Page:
the Elderly (New York: Oxford University Press, 1993), p. 56; Francis supra n. 91, 569-570.
145 Ethics and the Elderly ibid., p. 55-56.
reassurance, or may be a result of temporary depression or fear, and may not
represent the person’s considered views on future care should they lose capacity.
Wicclair also notes that family members may disagree regarding preferences and
that conflicts of interest between family members may influence interpretations of
the incapable patient’s former views.146
D. The Challenges for the Recognition of Past Wishes
Unlike the substituted judgment standard which it, to a degree, emulates, section 4
(6) of the MCA does not indicate how conflicts between past and present
preferences or between past preferences and current interests are to be dealt
with.147 However, elsewhere in the MCA, there are indications of a normative
preference for present interests over past preferences. As discussed above, the
requirements set out in section 25 relating to the validity and applicability of an
advance decision limit the circumstances in which an advance decision will be
upheld. 148 If this is the case where there is a specific legislative endorsement of
advance decision-making, it may reasonably be expected that there will be an even
stronger endorsement of the present preferences and/or interests of the person
lacking capacity over past wishes in the context of section 4(6). For the reasons
discussed above, there are good reasons for decision-makers to favour a patient’s
present preferences/interests over past wishes, especially if there is not a clear
indication of what these past wishes are.
This does not mean, however, that this aspect of section 4 (6) is meaningless. The
MCA has an ambit beyond situations of conflict. In most situations, there will not be
a direct conflict between a patient’s past wishes and her current preferences or
interests. In these situations, section 4 (6) requires decision-makers to take account
of the past wishes of the person lacking capacity and to create a space within which
a person’s past wishes can still influence decisions notwithstanding the person’s
Best interests is inherently an elusive and, in some ways, unsatisfactory concept. As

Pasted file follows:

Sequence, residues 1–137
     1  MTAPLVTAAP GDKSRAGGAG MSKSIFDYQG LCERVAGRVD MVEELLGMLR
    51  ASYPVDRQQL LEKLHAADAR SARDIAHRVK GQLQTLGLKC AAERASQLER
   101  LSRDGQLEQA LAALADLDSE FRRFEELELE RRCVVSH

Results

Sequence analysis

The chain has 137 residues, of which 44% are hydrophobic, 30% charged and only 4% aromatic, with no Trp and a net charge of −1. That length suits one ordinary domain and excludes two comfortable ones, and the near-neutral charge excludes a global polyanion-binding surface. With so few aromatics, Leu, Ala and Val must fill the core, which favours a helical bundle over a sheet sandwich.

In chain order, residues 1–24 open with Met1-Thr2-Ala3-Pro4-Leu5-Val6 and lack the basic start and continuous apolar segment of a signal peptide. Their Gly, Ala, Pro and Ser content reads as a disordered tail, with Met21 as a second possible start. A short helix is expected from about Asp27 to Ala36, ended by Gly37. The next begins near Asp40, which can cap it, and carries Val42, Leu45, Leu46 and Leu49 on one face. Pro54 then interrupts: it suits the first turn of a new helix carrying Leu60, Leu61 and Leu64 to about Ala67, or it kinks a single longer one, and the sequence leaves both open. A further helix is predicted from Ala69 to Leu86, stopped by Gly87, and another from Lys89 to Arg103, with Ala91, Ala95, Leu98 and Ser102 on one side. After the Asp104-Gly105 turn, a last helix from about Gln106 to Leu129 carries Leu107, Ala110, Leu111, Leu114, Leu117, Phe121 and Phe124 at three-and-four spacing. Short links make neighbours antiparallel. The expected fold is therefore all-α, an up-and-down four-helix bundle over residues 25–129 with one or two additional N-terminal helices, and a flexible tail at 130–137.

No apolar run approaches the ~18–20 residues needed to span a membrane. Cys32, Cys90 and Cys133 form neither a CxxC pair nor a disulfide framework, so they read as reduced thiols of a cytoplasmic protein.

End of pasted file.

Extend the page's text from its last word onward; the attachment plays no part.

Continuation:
traditionally understood at common law, the standard was based on the premise of
an objective assessment of the interests of the person lacking capacity. It assumed
an omniscient decision-maker operating against a backdrop of undisputed (albeit
unspoken) values against which the best interests of the person lacking capacity
could be measured. There were fundamental difficulties with this assumption. The
decision-maker is not omniscient but rather she inevitably lacks a fundamental
piece of knowledge, i.e. what it feels like to be the person for whom the decision is
146 Ibid., p. 56.
147 As noted in text to n. 93 supra, the substituted judgment standard as operated in the United States
clearly accords theoretical precedence to past preferences over current interests.
148 See text following n. 122 supra.
being made. The MCA concedes the fallibility of decision-makers and, by including
the person lacking capacity in the decision-making process, it approaches the
decision-making task with a degree of “epistemological humility”.149 For the reasons
set out earlier, this is a worthy approach.
However, because the MCA keeps faith with best interests standard, there will be
difficulties in giving effect to the participative framework set out in section 4. The
MCA adds a new factor to the best interests “balance sheet.” This factor is the
preference (past and present) of the person involved and the beliefs and values
which would be likely to influence the person if she had capacity. In so doing, the
MCA introduces a subjective element into the best interests standard, thereby
fundamentally challenging the objective nature of the standard. This creates a
conceptual dilemma in cases where there is a conflict either between the current
preferences of the person lacking capacity and her (objectively assessed) best
interests or between her past wishes and her current preferences and/or interests.
This article has argued that, where there is a conflict between the subjective
preferences of the person lacking capacity and the objective best interests standard,
the MCA requires that efforts be made to find a solution that recognises the
preference of the person to whom the decision relates. The imperative in this
regard increases where the evidence regarding best interest is “finely balanced,”
where the person’s capacity falls towards the upper end of the (in)capacity
continuum, and where the person actively resists the proposed treatment. It has
also been argued that, where there is a conflict between a person’s past wishes and
her current preferences and/or interests, current preferences and/or interests
should prevail. However, this does not mean that the MCA’s requirement to allow a
role for prior autonomy can be disregarded.
Ultimately, the MCA represents an inevitable compromise between objective and
subjective approaches to decision-making for people lacking capacity. There are
good reasons why this is an appropriate approach to decision-making in this
context. However, it does require decision-makers to negotiate new ways of
working with the best interests standard to ensure that the participative framework
contained in the MCA is allowed to operate in a meaningful way and that it does not
become simply a rhetorical nicety.
149 K. Atkins “Autonomy and the Subjective Character of Experience” (2000) 17 Journal of Applied
Philosophy 71, 75.